Most of my business associates and friends know I enjoy do public relations for start-ups and small companies.
A friend recently suggested I connect with Sean K. Murphy who runs SKMurphy, Inc., (http://www.skmurphy.com/) another company that caters to small companies and start-ups.
His 10 year old firm excels in customer development and sales leads. Murphy has written four books, has a couple of degrees from Stanford, and has also worked at a bunch of name brand companies so he’s a good guy to know.
His company coordinates an excellent Meetup.com activity calledBootstrappers Breakfast. They are held in the Bay Area here as well as around the U.S. and in Europe.
I attended my first one today and thought I’d share the tips from the speaker. Holly DeVito is the owner of Sum of All Numbers (www.sumofallnumbers.com), a book keeping and payroll services firm based in Fremont, who preached that there are seven key things to keep track of carefully when you start an accounting system for your new business.
Here are the seven deadly accounting sins, and by deadly, I mean bad for your business:
1. Throwing away business receipts. DeVito says save all business expense receipts over $75. If you mix business and regular expenses on a credit card, it could cause you accounting problems later so have separate credit cards.
2. Guessing at which percentage of your automobile expenses are for business. Unless your vehicle is only used for business activities, you can only deduct a portion of the expenses. If the percentage seems too high, it’s a red flag for the IRS. Write down where you drove for business daily and don't just guess at the end of the year.
3. Not locking the petty cash box. Her actual tip was to manage the petty cash box but the key take away for me was to lock it. Sometimes workers just steal a bit of money from the petty cash a little at a time and don’t get caught for many years.
4. Not understanding which workers are “1099s.” The IRS pays a ton of attention to how business owners classify their help, for example if they are contractors or part time employees.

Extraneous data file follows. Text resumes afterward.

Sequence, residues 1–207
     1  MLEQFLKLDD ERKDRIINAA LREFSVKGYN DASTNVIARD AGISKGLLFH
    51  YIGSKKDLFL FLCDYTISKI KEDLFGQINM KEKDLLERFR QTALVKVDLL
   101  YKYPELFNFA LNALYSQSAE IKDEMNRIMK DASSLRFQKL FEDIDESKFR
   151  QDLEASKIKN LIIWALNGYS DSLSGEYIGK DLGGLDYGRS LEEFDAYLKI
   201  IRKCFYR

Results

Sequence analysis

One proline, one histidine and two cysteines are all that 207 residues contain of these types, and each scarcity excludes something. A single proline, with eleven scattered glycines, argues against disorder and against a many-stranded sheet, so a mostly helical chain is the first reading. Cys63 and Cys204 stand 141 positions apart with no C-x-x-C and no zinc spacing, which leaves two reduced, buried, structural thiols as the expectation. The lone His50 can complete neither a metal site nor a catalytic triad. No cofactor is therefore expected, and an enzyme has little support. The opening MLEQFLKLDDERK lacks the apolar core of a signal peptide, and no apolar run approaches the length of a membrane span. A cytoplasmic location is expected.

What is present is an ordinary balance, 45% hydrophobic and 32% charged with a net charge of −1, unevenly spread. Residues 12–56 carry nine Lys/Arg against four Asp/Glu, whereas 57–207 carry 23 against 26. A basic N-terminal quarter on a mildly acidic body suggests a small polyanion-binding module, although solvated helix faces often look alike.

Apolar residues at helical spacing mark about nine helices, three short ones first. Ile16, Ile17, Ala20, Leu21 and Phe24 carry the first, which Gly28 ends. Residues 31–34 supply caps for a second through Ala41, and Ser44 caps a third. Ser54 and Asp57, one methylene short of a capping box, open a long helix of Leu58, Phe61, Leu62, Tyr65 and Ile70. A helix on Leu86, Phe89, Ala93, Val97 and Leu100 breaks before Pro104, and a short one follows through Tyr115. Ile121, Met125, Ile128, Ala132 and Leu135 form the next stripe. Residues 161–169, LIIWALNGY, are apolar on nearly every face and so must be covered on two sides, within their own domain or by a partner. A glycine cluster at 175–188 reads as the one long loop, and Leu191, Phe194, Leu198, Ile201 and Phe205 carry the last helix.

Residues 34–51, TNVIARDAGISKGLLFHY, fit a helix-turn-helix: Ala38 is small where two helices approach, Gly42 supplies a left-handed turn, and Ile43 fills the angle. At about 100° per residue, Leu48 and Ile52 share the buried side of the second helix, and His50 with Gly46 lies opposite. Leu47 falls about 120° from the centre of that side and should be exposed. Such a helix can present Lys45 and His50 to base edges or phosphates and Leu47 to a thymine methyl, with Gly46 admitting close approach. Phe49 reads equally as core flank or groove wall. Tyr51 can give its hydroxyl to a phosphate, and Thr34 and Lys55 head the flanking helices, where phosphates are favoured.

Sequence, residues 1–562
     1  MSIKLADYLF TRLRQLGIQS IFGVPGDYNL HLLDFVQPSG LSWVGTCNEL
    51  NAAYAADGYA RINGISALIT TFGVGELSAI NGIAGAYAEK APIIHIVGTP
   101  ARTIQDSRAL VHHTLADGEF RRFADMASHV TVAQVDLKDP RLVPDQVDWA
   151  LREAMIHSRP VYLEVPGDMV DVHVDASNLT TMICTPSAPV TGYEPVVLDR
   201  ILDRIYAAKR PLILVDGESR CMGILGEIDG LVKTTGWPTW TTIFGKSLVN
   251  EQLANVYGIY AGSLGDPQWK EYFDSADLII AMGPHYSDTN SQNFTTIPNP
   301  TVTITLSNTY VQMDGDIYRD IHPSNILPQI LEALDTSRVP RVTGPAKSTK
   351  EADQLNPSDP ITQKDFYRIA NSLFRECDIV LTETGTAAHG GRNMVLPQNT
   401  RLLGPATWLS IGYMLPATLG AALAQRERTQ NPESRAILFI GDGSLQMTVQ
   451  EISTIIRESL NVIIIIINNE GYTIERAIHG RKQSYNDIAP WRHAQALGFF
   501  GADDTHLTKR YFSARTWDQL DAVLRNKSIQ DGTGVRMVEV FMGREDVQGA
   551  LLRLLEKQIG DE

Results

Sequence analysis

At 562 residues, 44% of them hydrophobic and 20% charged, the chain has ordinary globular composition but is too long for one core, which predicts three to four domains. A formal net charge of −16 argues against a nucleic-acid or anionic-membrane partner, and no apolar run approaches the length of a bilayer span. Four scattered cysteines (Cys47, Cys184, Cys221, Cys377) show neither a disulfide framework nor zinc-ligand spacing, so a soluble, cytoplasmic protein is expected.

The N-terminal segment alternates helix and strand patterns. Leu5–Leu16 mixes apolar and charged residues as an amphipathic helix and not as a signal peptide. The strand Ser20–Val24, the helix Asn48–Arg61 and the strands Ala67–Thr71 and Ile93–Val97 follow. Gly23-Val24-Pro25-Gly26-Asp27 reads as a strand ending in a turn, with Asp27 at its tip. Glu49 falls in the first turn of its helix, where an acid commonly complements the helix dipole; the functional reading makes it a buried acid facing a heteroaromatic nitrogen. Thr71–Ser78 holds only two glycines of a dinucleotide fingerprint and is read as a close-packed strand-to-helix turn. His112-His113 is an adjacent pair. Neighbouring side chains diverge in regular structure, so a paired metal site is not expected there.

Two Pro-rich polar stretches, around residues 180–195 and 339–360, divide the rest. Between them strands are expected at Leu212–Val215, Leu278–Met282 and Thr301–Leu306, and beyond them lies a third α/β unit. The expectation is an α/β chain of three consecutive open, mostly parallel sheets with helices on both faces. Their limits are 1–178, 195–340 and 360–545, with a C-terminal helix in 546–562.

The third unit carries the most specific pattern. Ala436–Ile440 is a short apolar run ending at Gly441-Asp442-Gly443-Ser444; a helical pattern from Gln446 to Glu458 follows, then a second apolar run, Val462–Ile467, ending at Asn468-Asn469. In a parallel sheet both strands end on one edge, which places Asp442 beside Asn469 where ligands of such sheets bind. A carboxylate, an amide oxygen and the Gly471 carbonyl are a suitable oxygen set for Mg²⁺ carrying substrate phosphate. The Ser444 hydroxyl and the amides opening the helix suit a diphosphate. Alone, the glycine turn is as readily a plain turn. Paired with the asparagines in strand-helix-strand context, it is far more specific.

An independent contractor is called a “1099.” The high level definition of an independent contractor is:
You are not directing her work.
You are not providing her with equipment. The IRS has 18 other factors to determine if a worker is an employee or contractor. This is a complicated area. If you have any questions about the status of your help, it’s best to talk to a professional accounting firm like Sum of All Numbers for help.
5. Loosey goosey check and bank controls. DeVito says that every check that leaves the office should have back-up documentation for what it is for and be signed by one of the owners. When bank statements come in they should be opened by one of the owners and the checks should be reviewed for the payees and endorsements. She also said to reconcile the entire year for every bank and credit card account you have for business.
This is a brilliant tip because it’s great “PR” for Sum of All Numbers. Most creative inventors and CEOs cringe at doing something like this.
6. Deducting 100 percent of business meals and entertainment. It’s actually 50 percent.
7. Casual personal “donations” to the business account. If you are a consultant, like me, and you cough over some personal funds for early-on expenses, you are required to have a promissory note and a schedule of repaying that loan. So you could “give” your company $200 for graphics and business cards but it must be tracked in the form of a loan.
DeVito added that if the loan is over $10,000 the business must pay interest on the loan.
I have a simple method to help me not commit these deadly accounting sins. I think of my business and myself as separate entities.
Thou shalt not casually just toss money back and forth!
Every penny has to be properly tracked and accounted for so when tax-time rolls around, it’s way easier to fill out your Quickbooks spreadsheet and there is less of a chance of getting audited.
On a final note, here are some related Twitter handles to follow: Sean K. Murphy, Bootstrappers Breakfast Meetup and author is@SKMurphy. Sign up for a meeting at Meetup.com if you are thinking about starting a business. The meeting fee is only $5 in advance.
Holly DeVito of Sum of All Numbers is @HollyDeVito.
I’m @FromMichelle on Twitter and I do press relations, corporate messaging and writing for small high tech companies and my company is based in Saratoga.
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